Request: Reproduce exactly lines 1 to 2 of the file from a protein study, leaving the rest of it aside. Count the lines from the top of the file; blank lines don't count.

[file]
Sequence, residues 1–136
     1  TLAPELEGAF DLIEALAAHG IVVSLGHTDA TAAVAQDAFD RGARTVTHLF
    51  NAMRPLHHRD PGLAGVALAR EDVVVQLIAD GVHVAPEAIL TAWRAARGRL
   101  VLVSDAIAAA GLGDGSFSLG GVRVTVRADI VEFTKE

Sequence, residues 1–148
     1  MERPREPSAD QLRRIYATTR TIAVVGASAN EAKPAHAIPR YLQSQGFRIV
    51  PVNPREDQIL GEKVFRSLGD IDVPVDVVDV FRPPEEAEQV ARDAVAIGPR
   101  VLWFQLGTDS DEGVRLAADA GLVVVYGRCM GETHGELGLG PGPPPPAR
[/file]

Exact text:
Sequence, residues 1–136
     1  TLAPELEGAF DLIEALAAHG IVVSLGHTDA TAAVAQDAFD RGARTVTHLF